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Katowice. City of encourage

Just a few years ago Katowice was a somewhat sad, gray place with old steelworks and closed mines as the main features of the landscape. Now it is a vibrant city, full of life, culture, music and colours. It has changed entirely and is now a desirable tourist destination. 

Katowice is a city in Silesia. While traveling in this region you can easily feel how different it is from the rest of Poland. The most important thing is, obviously, the dialect. Unfortunately, nowadays young people do not know it that well – therefore, there are two ways to encounter it. The first one is going to the theatre. Silesian plays are staged by the Korez Theatre (I heartily recommend the play Cholonek, which will introduce you to the story of Silesia, beautiful and tragic in equal measure).

The second option is traveling to Nikiszowiec – the most Silesian of all regions in Katowice. It is a settlement built in 1908 for miners working in the nearby ”Giesche” mine (now called “KWK Wieczorek” and is unfortunately closed to the public). This is where most of the retired miners, who speak the true language of their forefathers, live. Nikiszowiec is also characterised by unique architecture: all tenement houses (or “familoki”, as their tenants call them) made of red brick and the window frames are painted red. The Wilson Shaft Gallery is also situated there. This gallery is built on the site of a former mineshaft. The works of many distinguished local artists are shown there, including pieces by Karol Wieczorek, Erwin Sówka or the venerable Grupa Janowska.

If you want to see the inside of a mine you should visit “Guido” in Zabrze, where you can find the deepest tourist route in a coal mine in Europe! The lift will take you as deep as 350 meters underground. The impressive mining equipment is also showcased here, and at the depth of 320 meters, you can have a ride in an electric driven suspended railway. It is the only suspended railway for tourists of this kind in the world! To understand the rough architecture of Katowice, you must visit The Route of Modernism. It is a 5,5 km long route formed by 16 buildings; nearby info kiosks with multimedia presentations provide information on Katowice’s modernist architecture. When it comes to the history of the region, The Silesian Insurgents’ Monument is definitely worth seeing – it is the biggest and heaviest monument in Poland. Its three wings symbolise the three Silesian uprisings in the years 1919, 1920 and 1921. What is particularly interesting is the fact that the monument was funded by the citizens of Warsaw in 1967.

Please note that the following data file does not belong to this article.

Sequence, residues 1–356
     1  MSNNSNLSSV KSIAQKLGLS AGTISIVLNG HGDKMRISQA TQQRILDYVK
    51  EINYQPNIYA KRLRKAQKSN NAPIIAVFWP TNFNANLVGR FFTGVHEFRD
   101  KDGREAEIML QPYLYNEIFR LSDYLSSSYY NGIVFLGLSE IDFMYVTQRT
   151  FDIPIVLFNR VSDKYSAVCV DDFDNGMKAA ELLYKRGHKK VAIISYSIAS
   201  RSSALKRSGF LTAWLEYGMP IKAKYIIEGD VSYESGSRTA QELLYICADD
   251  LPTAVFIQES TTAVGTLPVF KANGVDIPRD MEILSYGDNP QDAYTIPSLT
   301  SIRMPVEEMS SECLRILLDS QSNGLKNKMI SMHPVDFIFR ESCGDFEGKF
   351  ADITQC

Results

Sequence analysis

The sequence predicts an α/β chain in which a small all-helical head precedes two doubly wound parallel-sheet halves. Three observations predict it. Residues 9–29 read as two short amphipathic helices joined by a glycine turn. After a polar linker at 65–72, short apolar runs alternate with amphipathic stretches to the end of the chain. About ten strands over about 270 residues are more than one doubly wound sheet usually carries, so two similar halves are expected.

If you are interested in religious architecture, it is definitely worth visiting the Cathedral of Christ the King – the biggest religious building in Poland. The Basilica of St. Ludwik the King and the Assumption of Mary are famous for its Christmas Nativity scenes. The Church of St. Michael Archangel is the oldest in Katowice, while the Evangelical-Augsburg Church of the Resurrection is a venue for numerous concerts.

And just like that, we proceed smoothly to the modern times, as there is also plenty to charm us. You cannot leave Katowice without having seen Spodek, where most of the concerts and sporting events take place. It is undoubtedly the most recognisable symbol of Katowice. Not far from here is The Polish National Radio Symphony Orchestra, considered by many as the best concert hall in Poland. The best Polish and international orchestras perform there. A little further from here is The Silesian Museum. Its new building was first opened to visitors in 2015; three of its levels lie underground. Its collection includes works of Polish masters, e.g., Jacek Malczewski, Stanisław Ignacy Witkiewicz or Stanisław Wyspiański. It also encompasses some pieces by world-renowned artists such as Albrecht Dürer, Rembrandt van Rijn or Giovanni Battista Piranesi. The International Conference Centre is located near the museum. All of its buildings, characterised by beautiful, extraordinary design, can be admired from the observation deck on the roof of the conference centre. It is the best viewing point in the city.

While in Katowice it is also worth visiting the Silesian Park, where many attractions are located, e.g., the Zoological Garden, the Amusement Park, the Planetarium, the Silesian Stadium, the Upper Silesian Ethnographic Park, a rope course and a ropeway. For those who want to party, the place to go is definitely Mariacka Street, the most popular nightlife area in Katowice. Places with the best atmosphere, where you can relax, include the Hipnoza Jazzclub, Old Times Garage, Cafe Kattowitz, or the teahouse Fanaberia. The best way to get to know Katowice, however, is to discover it on your own – try and see how magical it can be; the place, where the black coal of the past meets the modern times.

text by Klaudia Chabrzyk